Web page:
Lots of synergies, then, if that isn’t dirty word after the whole BAe/Rover thing.

    Still, whatever happens, we need Lotus in our world.

  7. that Esprit is one nice looking car. there is an older Espirt in the city I live – I always get excited when I see it 🙂 Alex

  8. JLR would not touch Lotus with a bargepole, I dont even think they would take it if it were given to them, teh plain truth is that who ever has owned Lotus has never made a successful go of it, and it does not make significant profits for it to be a going concern long term.

    The Elise, Exige etc are just rehashed models on old floorpans and chassis set ups, the one hundred million given to them won’t last long, the entire factory setup needs to be re built, its old and inefficient.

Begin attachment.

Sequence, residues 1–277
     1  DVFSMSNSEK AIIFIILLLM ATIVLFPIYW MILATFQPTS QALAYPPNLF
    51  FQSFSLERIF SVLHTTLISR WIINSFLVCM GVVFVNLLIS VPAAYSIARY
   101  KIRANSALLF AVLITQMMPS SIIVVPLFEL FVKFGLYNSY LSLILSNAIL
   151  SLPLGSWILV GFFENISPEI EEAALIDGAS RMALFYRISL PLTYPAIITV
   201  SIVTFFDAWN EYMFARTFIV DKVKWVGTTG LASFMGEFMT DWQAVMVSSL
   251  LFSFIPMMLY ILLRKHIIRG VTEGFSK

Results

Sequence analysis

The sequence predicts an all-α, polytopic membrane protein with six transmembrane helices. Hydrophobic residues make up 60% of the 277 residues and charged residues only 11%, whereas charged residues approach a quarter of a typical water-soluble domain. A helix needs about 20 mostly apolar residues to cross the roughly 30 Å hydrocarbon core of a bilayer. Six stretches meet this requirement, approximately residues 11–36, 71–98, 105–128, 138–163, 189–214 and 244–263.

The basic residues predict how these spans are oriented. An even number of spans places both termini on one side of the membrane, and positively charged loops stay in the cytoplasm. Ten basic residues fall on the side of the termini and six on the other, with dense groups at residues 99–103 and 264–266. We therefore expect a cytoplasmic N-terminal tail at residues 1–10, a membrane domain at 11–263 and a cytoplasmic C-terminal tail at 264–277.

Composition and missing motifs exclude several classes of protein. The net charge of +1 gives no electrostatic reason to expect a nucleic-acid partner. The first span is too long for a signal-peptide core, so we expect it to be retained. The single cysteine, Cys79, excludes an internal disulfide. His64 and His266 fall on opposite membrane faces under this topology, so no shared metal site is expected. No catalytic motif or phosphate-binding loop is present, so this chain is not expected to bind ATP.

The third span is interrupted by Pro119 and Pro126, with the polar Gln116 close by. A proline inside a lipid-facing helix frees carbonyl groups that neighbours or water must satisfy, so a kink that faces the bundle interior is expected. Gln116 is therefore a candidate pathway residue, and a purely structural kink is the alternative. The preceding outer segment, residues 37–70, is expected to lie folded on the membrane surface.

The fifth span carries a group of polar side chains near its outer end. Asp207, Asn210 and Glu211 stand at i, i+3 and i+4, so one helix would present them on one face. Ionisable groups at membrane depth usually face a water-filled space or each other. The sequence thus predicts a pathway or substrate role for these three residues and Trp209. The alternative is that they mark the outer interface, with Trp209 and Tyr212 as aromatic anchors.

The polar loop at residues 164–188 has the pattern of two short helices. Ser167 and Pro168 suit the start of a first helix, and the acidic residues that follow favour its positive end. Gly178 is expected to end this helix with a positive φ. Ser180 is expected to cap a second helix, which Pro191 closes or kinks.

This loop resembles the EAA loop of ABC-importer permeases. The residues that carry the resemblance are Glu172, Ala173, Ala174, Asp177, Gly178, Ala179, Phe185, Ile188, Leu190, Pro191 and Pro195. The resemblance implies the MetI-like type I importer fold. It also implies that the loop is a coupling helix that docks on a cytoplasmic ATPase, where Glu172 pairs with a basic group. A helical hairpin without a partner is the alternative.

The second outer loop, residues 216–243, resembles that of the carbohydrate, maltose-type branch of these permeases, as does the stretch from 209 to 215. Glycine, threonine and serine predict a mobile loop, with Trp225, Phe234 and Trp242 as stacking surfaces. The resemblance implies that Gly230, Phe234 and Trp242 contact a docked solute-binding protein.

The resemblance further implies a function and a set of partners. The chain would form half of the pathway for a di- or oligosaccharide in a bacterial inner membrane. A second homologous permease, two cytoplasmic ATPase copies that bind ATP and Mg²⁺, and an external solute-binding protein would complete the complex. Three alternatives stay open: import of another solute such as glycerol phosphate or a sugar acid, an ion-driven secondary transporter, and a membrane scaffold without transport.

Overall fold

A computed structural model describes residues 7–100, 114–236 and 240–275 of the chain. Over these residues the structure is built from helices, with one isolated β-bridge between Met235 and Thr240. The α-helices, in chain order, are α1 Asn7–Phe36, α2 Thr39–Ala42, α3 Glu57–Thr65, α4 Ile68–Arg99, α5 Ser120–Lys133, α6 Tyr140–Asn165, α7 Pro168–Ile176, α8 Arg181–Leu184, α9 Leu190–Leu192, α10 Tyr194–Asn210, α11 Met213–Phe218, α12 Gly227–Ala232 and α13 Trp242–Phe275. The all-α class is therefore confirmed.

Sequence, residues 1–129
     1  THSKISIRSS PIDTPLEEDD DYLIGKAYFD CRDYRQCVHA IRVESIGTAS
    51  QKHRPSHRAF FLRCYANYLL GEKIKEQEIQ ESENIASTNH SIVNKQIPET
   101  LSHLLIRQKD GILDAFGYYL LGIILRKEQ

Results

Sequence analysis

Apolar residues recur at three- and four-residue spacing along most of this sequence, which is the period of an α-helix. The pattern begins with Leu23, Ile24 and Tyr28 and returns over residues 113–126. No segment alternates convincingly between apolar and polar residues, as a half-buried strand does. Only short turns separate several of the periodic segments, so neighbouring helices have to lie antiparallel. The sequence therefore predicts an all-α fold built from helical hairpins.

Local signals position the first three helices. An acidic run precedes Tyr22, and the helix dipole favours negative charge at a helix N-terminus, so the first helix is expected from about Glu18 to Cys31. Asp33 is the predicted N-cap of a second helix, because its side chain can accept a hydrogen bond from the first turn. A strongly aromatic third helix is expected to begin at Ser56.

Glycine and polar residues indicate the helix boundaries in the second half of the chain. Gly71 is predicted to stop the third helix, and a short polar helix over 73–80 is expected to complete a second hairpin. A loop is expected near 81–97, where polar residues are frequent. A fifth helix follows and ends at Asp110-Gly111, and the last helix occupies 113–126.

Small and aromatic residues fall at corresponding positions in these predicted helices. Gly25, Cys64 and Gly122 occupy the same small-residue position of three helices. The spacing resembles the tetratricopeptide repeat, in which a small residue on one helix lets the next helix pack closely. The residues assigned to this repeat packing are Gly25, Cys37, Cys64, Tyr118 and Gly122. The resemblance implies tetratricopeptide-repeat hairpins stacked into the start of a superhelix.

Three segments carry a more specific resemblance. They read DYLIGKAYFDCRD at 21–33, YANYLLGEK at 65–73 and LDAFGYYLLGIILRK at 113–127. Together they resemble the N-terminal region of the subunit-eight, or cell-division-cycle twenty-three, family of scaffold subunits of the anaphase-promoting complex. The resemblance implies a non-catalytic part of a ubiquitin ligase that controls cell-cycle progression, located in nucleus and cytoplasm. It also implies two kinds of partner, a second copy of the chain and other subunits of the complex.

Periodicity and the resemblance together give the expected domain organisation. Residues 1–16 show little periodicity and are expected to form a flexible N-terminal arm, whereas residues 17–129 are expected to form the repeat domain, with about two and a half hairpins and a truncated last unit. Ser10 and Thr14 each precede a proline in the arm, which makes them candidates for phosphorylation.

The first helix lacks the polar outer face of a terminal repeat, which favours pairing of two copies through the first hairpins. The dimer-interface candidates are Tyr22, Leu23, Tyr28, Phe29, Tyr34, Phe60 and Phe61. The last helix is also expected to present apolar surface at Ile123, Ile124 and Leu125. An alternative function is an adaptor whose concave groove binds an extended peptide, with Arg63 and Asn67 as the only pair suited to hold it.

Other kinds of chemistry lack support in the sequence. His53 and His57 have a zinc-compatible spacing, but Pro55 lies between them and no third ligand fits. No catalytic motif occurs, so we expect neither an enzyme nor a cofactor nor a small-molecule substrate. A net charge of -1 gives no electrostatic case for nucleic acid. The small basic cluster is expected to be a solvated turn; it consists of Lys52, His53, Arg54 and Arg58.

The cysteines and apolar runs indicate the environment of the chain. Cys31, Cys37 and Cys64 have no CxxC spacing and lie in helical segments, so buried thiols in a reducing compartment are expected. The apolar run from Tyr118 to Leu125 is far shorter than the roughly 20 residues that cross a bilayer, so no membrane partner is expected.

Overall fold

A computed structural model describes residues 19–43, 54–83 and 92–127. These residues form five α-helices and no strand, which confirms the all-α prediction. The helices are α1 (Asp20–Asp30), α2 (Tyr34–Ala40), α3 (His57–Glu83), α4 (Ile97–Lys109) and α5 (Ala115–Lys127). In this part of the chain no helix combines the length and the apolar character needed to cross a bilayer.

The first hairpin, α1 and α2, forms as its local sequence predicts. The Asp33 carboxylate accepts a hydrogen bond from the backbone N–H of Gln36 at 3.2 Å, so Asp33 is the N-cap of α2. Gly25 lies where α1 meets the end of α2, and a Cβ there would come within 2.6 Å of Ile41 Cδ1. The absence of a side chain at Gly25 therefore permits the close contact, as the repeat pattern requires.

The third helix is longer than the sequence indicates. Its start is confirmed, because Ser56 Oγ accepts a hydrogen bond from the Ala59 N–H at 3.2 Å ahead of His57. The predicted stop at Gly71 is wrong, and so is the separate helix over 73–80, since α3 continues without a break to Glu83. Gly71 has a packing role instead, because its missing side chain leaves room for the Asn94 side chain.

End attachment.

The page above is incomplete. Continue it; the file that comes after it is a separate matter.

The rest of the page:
I wish that Lotus would make a great comeback, but teh fact that Bahar was allowed to do what he did shows a lack of corporate control, and I am sure the same lack of control will continue without significant cuts in costs and wastage, yet they want to employ 100 more people, at a rough estimate of £4 million per year, for a company thats not making profits is really weird.

    Their range is getting a bit long in the tooth and teh Esprit, if it ever comes will be old and out of date by teh time of release, which is a shame as it looks great, in fact the entire range looks fantastic, and they deserve to sell well and carry on the Lotus name, but i fear that unless a really big concern like Ford, GM (again) or even (heaven forbid) VW take control and really invest for the long term Lotus may not be around in the future.